Medical abbreviations you need to know….


There is a list of definitions that would be way too big to put on the FAQ page, but there’s a link to the Glossary at at the top of every page here:

Some abbreviations used on the boards, articles and throughout the bios are;

ACTH: Adrenocorticotropic Hormone. ACTH is a normal by-product of the anterior pituitary gland. It acts by controlling the secretion of the adrenal hormone, cortisol. Produced by the pituitary gland. A pituitary tumor often causes too little ACTH to be produced. Symptoms of ACTH deficiency include weakness, fatigue and gastrointestinal disturbances.

ADH: AntiDiuretic Hormone

AHRQ: Agency for Healthcare Research and Quality

AI: Adrenal Insufficiency/adrenal crisis. Adrenal insufficiency is a life threatening chronic illness. An active and vigorous lifestyle with normal life expectancy is possible as long as the prescribed medications are taken regularly and adjusted when indicated. As with most chronic diseases, adrenal insufficiency demands that the patients take responsibility and develop self-management skills and techniques.

BG: Blood Glucose

BIPSS: Bilateral Inferior Petrosal Sinus Sampling

BLA: Bilateral adrenalectomy. Surgical removal of both the adrenal glands.

BMD: Is often used as an acronym for bone mineral density

BP: Blood Pressure

BS: Blood Sugar (ahem…usually)

Ca: calcium

CAT Scan / CT: computed tomography

CBG: corticosteroid-binding globulin

CD: Cushing’s Disease

CCHS Congenital central hypoventilation syndrome

CI: Confidence interval

CRH: Corticotropin Releasing Hormone

CS: Cushing’s Syndrome

CSF: cerebrospinal fluid

DEXA: dual energy x-ray absorptiometry

DI: Diabetes Insipidus

DST: dexamethasone suppression test(s)

Dx: diagnosis

EAA: excitatory amino acid

EAS: ectopic ACTH secretion

FSH: follicle-stimulating hormone

GABA: Y-aminobutyric acid

GH: Growth Hormone

GI: gastrointestinal

GTT: glucose tolerance test

GTR: gross-total resection

hGH: Human Growth Hormone

HPLC: (high performance liquid chromatography) is mass spectrometry. It is a way to take a liquid sample and get it into a mass spectrometer to analyze the sample. The liquid chromatograph is the attachment on the mass spec that does this. It can be done several different ways. But always these are just the machines used to do the job.

HPA: hypothalamic-pituitary-adrenal

HPLC: high-pressure liquid chromatography

HRT: Hormone Replacement Therapy

ICD-9: International Classification of Diseases, 9th Revision

IGF-1: (also known as Serum IGF-1 or Somatomedin C) is a polypeptide hormone. It belongs to a family of peptides whose levels are regulated by growth hormone (GH) through receptors. IGF-1 is secreted mainly by the liver and has potent growth stimulating activity. Its mitogenic activity has caused interest in its possible role in cancer growth but its present clinical use is for the diagnosis of human growth disorders. Less than 5% of IGF-1 is free and the rest is bound to IGF-binding proteins (IGFBP). The major one in circulation is IGFBP-3.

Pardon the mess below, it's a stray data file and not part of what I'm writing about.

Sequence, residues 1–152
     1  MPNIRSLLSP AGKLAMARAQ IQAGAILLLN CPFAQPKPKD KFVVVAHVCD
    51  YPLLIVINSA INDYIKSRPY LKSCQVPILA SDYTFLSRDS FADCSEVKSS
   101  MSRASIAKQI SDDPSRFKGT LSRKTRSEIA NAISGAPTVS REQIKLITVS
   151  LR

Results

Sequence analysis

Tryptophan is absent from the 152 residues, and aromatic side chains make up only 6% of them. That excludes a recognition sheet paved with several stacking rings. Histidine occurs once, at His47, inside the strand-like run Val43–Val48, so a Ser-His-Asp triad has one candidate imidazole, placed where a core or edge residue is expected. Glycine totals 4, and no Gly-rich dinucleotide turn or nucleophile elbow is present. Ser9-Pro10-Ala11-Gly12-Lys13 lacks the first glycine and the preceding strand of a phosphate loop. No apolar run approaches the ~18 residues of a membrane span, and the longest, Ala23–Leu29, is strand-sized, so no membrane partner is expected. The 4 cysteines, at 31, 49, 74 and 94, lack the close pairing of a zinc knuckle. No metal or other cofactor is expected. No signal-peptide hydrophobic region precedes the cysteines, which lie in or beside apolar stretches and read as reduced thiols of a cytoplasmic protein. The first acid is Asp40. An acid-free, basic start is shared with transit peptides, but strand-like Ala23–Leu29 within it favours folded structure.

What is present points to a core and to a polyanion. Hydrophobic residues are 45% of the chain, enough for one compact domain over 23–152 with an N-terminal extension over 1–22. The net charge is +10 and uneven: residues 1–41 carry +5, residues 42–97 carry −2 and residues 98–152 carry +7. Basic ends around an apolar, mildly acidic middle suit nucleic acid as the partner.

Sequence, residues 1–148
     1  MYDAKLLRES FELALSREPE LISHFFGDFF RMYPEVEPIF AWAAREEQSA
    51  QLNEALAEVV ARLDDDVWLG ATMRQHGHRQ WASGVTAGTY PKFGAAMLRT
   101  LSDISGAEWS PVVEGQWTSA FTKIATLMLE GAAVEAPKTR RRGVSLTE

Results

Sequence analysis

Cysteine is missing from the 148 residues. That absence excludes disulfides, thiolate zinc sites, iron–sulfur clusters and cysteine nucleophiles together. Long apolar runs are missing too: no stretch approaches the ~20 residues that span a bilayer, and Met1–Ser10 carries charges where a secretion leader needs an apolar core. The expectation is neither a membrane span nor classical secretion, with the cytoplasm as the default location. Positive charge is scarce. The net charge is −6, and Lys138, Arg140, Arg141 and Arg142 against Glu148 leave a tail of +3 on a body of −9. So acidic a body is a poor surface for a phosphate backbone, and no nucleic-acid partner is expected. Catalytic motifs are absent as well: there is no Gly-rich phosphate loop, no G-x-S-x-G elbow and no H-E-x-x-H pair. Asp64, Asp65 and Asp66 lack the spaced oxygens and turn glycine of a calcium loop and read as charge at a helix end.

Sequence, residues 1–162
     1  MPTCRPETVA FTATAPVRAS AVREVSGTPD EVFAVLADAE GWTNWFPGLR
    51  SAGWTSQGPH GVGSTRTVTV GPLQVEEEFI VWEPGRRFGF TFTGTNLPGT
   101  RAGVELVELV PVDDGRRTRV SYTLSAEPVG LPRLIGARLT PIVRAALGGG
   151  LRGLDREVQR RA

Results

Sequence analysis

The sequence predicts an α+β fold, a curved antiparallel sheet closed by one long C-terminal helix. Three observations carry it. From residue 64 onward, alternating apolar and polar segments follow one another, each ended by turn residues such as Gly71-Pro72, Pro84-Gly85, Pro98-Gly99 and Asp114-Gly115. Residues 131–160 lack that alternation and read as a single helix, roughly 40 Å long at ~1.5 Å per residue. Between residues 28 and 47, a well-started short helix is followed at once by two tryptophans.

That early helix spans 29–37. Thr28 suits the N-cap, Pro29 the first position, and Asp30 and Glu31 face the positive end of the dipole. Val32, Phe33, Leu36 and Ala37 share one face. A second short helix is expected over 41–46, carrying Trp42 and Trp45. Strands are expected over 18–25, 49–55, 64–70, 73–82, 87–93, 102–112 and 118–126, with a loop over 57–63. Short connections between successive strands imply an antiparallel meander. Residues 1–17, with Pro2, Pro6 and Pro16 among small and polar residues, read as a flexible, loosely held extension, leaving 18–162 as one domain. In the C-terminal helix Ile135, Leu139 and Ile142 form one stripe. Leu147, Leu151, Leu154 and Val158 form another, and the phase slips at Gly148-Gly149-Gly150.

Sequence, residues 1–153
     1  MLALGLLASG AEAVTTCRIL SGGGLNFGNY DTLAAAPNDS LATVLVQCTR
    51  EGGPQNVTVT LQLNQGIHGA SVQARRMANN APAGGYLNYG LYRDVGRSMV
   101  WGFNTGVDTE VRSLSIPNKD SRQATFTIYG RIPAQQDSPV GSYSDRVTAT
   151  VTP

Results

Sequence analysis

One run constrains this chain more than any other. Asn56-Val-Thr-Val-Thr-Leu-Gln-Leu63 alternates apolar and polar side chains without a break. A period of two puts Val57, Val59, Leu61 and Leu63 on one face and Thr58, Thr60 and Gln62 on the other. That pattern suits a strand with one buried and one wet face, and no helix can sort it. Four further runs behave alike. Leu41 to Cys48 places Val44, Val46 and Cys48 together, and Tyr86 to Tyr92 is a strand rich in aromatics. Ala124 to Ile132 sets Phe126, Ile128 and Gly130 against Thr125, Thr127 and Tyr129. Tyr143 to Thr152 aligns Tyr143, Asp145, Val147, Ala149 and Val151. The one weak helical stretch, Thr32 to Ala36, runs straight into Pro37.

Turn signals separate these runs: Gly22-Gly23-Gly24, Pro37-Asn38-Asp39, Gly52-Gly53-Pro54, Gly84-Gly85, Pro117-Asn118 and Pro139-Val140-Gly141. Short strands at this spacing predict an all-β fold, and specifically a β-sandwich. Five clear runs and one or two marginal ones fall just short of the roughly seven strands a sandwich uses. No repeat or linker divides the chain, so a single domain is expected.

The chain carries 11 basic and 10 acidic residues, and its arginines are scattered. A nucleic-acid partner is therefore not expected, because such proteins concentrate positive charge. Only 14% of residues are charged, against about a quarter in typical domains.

IPS/P: inferior petrosal sinus-to-peripheral ratio

IPSS: Inferior Petrosal Sinus Sampling

ITT: Insulin Tolerance Test

JAMA: The Journal of the American Medical Association. JAMA began publication in 1883. It now bills itself as “the world’s best-read medical journal”. However one defines “best-read”, JAMA clearly ranks as one of the two leading general medical journals published in the United States. (The other is the New England Journal of Medicine.)

K: potassium

LINAC: linear accelerator

LH: luteinizing hormone

LO-CHS late-onset central hypoventilation syndrome

LOS: length of stay

LTP: long-term potentiation

MR / MRI: magnetic resonance (imaging)

MSH: melanocyte-stimulating hormone

Na: sodium

NIS: Nationwide Inpatient Sample

NS: Nelson syndrome

OR: odds ratio

PCOS: Polycystic Ovary Syndrome

Pheo: A pheochromocytoma is a tumor that originates from the adrenal gland’s chromaffin cells, causing overproduction of catecholamines, powerful hormones that induce high blood pressure and other symptoms.

PHOX2B: Paired-like homeobox 2B

PICC Line: A PICC line (Peripherally Inserted Central Catheter) is a semi-permanent IV line), which is inserted into a large vein, usually in your arm although other places may be used. This will allow fluids and injections to be given, and blood samples to be taken. It will save you the discomfort of repeated sticks.

PPNAD aka Primary pigmented nodular adrenocortical disease: A rare disease of the adrenal glands. The adrenal glands are small glands located above each kidney. The adrenals make hormones. Hormones are chemical substances formed in one organ or part of the body that travel in the blood to other body parts where they influence how that body part works. Cortisol is one of the hormones made by the adrenals. Cortisol influences body metabolism (how the body converts small molecules to large and vice versa) and can decrease inflammation. People with PPNAD have adrenal glands that make too much cortisol or make it at inappropriate times (when the body does not need it).

PSS: Petrosal Sinus Sampling

RIA radioimmunoassay

ROHHAD: Rapid-Onset Obesity With Hypothalamic Dysfunction, Hypoventilation, and Autonomic Dysregulation Presenting in Childhood

SIADH: Syndrome of Inappropriate AntiDiuretic Hormone

SPGR: spoiled gradient recalled acquisition in the steady-state

SRS: stereotactic radiosurgery

TBA: total bilateral adrenalectomy

TSA / TSS: transsphenoidal adenomectomy

TSH: thyroid-stimulating hormone

UFC: Urinary Free Cortisol

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This page last updated 12/24/2009

2 thoughts on “Medical abbreviations you need to know….

  1. Pingback: Have You Gone to the ER With an Adrenal Crisis? | CushieBlog

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